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Israel claims to have cut off access from north to south of Gaza Strip after surrounding the capital

There were new airstrikes against the Jabaliya refugee camp. Israeli PM Netanyahu said the war will be ‘long and difficult’ following the death of 16 soldiers

Guerra Israel y Gaza
Israeli armored combat vehicles at an undetermined location in the Gaza Strip on Wednesday.ISRAEL DEFENSE FORCES (via REUTERS)
Juan Carlos Sanz

The war in Gaza will be “long and difficult,” as Israeli Prime Minister Benjamin Netanyahu reiterated this Wednesday, following the death of at least 16 soldiers in the enclave, but it seems to be progressing faster than expected, according to military leaders’ statements to defense analysts working for the Israeli media. In the midst of the confusion caused by the so-called “fog of war,” aimed at confusing the enemy, Israeli troops have reportedly already cut off access between the north and south of the Palestinian coastal territory after surrounding the capital, Gaza City, with tanks and infantry forces. Since October 7, when Hamas militias killed 1,400 Israelis and kidnapped 220 people, the Israeli Armed Forces have attacked 11,000 targets in the Gaza Strip. Since then, the Gaza Ministry of Health has reported nearly 8,800 deaths, almost 3,650 of them children and teenagers.

It is difficult to independently verify this information, as Gaza is off limits to the foreign media and telephone and internet communications were cut off for the second time since Friday — they were restored on Sunday — due to the damage suffered by the company’s international communication center, Paltel. The death of dozens of people in Tuesday’s attack on Jabaliya, a refugee camp erected in 1948 with tents and now transformed into a sprawling neighborhood on the northern outskirts of Gaza City, represents one of the deadliest tolls of the conflict in a densely populated residential area. The Qatari television network Al Jazeera reported on Wednesday that there was a new Israeli airstrike with victims in the Fallujah district of Jabaliya. Sources from the Palestinian emergency services told Agence France Presse that a new bombing had occurred in the largest refugee camp in the north of the enclave. The Islamic resistance movement, which also blamed Israel for the new air raid on an urban area, has claimed that seven of those killed in Tuesday’s attack were hostages captured in Israel, including three with foreign passports. Given the increase in attacks in civilian areas, Jordan ordered the recall of its ambassador in Tel Aviv on Wednesday.

Military spokesmen announced that the ground offensive in Gaza has been reinforced through joint operations with naval and air forces. Troops on the ground are almost instantly pinpointing targets for artillery, aviation and warships. The Israeli Armed Forces claim to have destroyed observation posts, anti-tank missile units and rocket launching ramps. On the night of Tuesday to Wednesday, “hand-to-hand combat” focused on underground command centers of the Izz ad-Din al-Qassam Brigades, the armed wing of Hamas, according to the chief military spokesman, Rear Admiral Daniel Hagari. On Tuesday, nine soldiers died when the armored vehicle in which they were traveling inside the Strip was hit by a Kornet missile. Two others died when their tank ran over an explosive device. At least four more died in combat this Wednesday.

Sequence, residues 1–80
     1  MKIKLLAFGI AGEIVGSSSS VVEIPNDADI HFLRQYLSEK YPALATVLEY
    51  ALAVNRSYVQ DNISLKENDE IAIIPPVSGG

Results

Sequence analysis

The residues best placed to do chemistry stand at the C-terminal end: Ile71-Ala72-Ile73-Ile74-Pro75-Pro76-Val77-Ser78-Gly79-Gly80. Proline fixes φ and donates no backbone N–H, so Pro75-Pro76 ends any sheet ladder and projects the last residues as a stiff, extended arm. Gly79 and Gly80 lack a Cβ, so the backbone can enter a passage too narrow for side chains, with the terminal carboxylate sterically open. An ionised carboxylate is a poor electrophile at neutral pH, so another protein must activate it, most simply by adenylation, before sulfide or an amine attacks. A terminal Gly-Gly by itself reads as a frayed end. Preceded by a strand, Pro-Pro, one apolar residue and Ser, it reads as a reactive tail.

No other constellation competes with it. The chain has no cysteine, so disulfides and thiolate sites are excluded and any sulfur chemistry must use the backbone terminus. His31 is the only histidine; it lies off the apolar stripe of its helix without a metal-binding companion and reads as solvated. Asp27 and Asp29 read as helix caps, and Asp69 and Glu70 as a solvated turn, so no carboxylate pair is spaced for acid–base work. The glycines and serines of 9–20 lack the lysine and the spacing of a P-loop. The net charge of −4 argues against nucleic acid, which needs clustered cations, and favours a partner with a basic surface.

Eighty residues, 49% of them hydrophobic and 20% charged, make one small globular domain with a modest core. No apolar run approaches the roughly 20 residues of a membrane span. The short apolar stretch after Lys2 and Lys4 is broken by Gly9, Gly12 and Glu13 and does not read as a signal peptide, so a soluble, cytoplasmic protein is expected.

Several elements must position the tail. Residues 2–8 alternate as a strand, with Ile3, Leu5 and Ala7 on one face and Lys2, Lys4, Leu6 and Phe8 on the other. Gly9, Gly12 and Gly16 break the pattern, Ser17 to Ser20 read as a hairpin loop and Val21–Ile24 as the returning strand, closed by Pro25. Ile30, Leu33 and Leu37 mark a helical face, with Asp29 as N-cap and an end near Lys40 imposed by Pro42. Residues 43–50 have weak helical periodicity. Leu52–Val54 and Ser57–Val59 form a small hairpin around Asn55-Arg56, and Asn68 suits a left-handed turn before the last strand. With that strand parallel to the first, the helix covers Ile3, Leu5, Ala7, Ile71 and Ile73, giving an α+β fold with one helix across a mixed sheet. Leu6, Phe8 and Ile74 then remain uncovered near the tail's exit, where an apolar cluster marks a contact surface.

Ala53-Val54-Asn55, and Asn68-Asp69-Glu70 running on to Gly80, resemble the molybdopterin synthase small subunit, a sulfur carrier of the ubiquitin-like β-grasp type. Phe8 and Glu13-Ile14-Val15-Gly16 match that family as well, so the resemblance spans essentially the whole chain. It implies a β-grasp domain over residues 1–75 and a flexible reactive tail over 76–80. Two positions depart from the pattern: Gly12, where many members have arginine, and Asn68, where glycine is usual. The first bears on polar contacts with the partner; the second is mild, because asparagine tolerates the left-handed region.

Missile ships in the Red Sea

Israel has also reinforced security in the Red Sea with the deployment of missile ships, after the threat suffered on Tuesday in the tourist city of Eilat. Israel’s air defense systems intercepted two missiles and a drone directed from Yemen by the pro-Iran Houthi militia against that resort town in the south of the country, where more than 60,000 Israelis have been evacuated from areas near the borders with Gaza and Lebanon. The Houthi rebels have broadcast images of the launch of missiles and suicide drones aimed at Israel through the Yemeni television channel Al Masirah.

In the hospitals of the Gaza Strip, the humanitarian situation has worsened in recent hours as fuel reserves for electric generators in large centers such as the Shifa health complex, in the capital, are about to run out. The Turkish-Palestinian Friendship Hospital, the only one in Gaza that treats cancer patients, has stopped operating after running out of fuel and suffering damage from Israeli attacks these days.

On the northern front, an unidentified Lebanese armed group attempted to launch several anti-tank missiles from Lebanese territory towards Israel, but was neutralized by an Israeli tank, according to military sources. In addition, another Lebanese armed group opened fire from Lebanon towards Israeli territory in the Yiftah area without causing any casualties, the Israeli army said, noting that troops opened fire towards the area where the shots originated. The border between Lebanon and Israel is experiencing its most tense moment since 2006, when Israeli troops and the Lebanese Shiite militia Hezbollah fought a 34-day war.

Although this escalation on the northern front is still considered “low intensity,” the death toll is also unprecedented since 2006, with the majority of fatalities in the ranks of Hezbollah. Since October 8, at least 71 people have died on both sides of the Blue Line, the boundary established by the U.N. after the last war, according to the Efe news agency. In Lebanon, at least 63 people have died: 49 members of Hezbollah, six members of Palestinian militias who also launched attacks and eight civilians, including a Reuters cameraman. On the Israeli side, the casualties are seven soldiers and one civilian.

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